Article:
Common email marketing mistakes you may be making

Posted by Chris Woods
Social media marketing
With the pace at which the digital marketing environment changes and requires you to adapt, it never hurts to pause and review if you’re giving email marketing – traditionally one of the hardest working of all marketing channels - the same love and attention you did in the beginning.

email marketing

With so many emerging digital audience touch points and the ever present pressure to be present on every new social media platform, it’s easy to let your focus slip from older channels such as email marketing. Best practice and the brilliant basics often become the first casualty when time and resources get diverted towards the next big thing.

Here are some common email marketing and list management mistakes to be aware of:

You’ve let your list management and growth tactics go stale

You’ll lose subscribers and fail to pick up new ones at the desired rate from time to time. There is a natural rate of attrition when it comes to email marketing as subscribers change email addresses, decide to cancel their subscriptions or send your messages to junk.

You must therefore regularly allocate time to maintaining and growing your subscriber list. For existing subscribers, that means committing to serving up great content. To build your list, you need a strong opt-in incentive.

If you’re guilty of installing a sign-up widget and then calling it a day, you’re making a common email marketing mistake. Be creative with your incentive to get your activity back on track. Try exclusive subscriber-only content, coupons, discounts and competitions.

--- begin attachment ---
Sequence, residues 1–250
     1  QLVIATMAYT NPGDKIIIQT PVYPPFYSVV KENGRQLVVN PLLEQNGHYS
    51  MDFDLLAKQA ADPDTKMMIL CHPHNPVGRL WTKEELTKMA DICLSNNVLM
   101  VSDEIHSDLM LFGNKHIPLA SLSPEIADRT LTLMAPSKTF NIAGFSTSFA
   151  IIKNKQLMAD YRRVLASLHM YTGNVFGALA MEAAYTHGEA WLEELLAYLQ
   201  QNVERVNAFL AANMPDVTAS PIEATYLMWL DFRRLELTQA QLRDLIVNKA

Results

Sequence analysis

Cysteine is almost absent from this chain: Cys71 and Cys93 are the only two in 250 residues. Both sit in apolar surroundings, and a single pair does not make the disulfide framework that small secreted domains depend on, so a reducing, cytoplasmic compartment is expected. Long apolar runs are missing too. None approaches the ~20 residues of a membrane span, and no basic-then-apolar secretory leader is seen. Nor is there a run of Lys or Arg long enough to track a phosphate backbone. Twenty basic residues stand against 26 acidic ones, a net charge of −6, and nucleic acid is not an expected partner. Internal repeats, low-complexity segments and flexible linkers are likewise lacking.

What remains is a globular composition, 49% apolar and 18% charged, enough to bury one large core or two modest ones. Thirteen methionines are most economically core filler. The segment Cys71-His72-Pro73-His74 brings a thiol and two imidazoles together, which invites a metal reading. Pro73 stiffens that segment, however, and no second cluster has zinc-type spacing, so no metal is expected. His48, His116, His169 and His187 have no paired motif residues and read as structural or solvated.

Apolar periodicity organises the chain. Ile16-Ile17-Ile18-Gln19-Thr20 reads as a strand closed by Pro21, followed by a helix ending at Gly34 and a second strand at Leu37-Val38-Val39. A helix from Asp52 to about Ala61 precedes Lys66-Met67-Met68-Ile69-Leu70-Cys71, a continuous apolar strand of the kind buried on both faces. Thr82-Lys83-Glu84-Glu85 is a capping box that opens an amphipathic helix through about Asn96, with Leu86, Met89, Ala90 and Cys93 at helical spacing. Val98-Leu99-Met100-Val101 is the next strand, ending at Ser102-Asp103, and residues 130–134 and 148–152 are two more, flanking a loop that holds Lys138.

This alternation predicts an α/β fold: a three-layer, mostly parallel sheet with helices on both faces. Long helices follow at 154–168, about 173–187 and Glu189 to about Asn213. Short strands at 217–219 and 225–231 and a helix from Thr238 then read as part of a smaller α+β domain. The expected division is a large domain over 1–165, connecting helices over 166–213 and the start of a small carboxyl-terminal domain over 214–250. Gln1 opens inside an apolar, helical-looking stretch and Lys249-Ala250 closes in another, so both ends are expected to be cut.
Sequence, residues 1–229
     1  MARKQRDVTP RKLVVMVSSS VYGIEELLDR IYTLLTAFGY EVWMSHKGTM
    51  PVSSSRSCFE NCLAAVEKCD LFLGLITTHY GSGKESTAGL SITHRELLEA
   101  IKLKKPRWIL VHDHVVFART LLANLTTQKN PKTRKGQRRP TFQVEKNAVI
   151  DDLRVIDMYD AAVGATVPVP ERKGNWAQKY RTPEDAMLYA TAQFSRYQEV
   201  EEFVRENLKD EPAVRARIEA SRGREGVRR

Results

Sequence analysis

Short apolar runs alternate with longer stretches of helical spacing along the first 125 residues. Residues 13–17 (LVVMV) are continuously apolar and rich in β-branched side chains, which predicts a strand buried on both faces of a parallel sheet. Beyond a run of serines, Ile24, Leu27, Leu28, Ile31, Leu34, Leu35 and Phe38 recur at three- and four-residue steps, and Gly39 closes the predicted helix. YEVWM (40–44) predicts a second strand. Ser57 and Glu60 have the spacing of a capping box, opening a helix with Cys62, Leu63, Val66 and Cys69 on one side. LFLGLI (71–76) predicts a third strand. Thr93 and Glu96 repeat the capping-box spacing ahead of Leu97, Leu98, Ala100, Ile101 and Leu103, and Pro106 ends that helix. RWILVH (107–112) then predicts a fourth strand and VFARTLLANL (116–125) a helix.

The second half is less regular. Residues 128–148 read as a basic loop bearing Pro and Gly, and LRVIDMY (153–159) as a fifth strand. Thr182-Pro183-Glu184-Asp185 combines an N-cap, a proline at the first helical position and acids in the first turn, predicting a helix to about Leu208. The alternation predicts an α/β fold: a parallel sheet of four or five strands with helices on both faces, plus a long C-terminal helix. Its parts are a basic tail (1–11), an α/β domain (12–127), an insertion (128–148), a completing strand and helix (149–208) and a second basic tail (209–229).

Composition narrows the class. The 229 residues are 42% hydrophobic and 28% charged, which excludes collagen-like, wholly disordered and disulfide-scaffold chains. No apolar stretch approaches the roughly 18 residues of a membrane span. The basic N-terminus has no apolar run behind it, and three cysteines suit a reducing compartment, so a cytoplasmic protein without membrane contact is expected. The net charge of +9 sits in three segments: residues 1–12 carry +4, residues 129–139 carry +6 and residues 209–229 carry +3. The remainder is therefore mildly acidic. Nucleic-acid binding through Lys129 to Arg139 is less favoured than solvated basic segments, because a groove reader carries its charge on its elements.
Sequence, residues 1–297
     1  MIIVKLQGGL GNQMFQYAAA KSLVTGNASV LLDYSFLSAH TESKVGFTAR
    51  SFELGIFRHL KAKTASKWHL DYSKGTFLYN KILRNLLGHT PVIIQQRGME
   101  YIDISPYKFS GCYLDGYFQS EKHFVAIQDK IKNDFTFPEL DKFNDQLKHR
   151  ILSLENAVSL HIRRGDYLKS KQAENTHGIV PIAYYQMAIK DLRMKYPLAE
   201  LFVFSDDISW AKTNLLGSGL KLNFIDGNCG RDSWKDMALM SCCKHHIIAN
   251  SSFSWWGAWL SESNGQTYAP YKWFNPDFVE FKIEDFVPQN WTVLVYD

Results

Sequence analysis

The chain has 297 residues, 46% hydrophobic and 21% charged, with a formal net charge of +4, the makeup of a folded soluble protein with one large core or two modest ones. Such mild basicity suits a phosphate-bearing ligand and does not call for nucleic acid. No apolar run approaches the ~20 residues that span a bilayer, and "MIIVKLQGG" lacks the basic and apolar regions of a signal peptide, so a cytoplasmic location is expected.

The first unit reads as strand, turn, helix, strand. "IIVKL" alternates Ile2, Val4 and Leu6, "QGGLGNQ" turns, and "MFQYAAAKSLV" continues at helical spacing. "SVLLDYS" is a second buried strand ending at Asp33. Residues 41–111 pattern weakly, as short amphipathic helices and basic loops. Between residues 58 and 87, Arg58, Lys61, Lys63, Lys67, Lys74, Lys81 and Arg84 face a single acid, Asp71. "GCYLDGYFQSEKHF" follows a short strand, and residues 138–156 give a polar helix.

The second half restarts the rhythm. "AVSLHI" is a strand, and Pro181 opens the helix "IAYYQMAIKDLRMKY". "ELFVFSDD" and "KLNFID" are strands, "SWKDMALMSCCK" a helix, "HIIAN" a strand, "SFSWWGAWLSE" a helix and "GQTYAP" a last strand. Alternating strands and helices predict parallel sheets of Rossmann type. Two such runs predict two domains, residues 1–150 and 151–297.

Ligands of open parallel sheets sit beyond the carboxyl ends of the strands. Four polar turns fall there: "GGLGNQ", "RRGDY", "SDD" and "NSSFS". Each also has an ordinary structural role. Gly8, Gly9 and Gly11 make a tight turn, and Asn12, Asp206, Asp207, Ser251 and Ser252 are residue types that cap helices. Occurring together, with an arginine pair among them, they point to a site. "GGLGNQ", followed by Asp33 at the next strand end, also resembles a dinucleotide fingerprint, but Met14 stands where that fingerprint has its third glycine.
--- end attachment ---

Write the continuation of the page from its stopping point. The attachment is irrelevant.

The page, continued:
You don’t have a regular schedule of sends

If you’re afraid of contacting your list too regularly, or fear sending out more than one or two emails a month, you’re probably committing our second cardinal sin of email marketing.

Getting over the fear of spamming subscribers to reach a point where you have a regular schedule of sends can be tough, but you need to reach out with relevant email sends often in order to see any kind of return from your email activity. Too few sends and you’ll lose the connection with your customer and leave them wondering why they bothered to subscribe in the first place. Too many, and you could end up on the wrong side of the spam filter. Find the sweet spot.

You’re guilty of not personalizing your welcome and transactional emails

This mistake is one that many brands will be guilty of, but it’s also really easy to put right – meaning there is no excuse to continue committing this faux pas once you realize! Your email platform or list management service was likely chosen because of its convenience and ease of setup as well as its functionality. Commonly, a template email will be provided to welcome new subscribers and confirm their opt-in. If you’ve failed to personalize that message, you’re guilty of getting off on the wrong foot with your email subscribers.

The email onboarding process should be given as much importance as your main send content. It should be reflective of your brand and give those who have trusted you with their email address a flavor of what’s to come.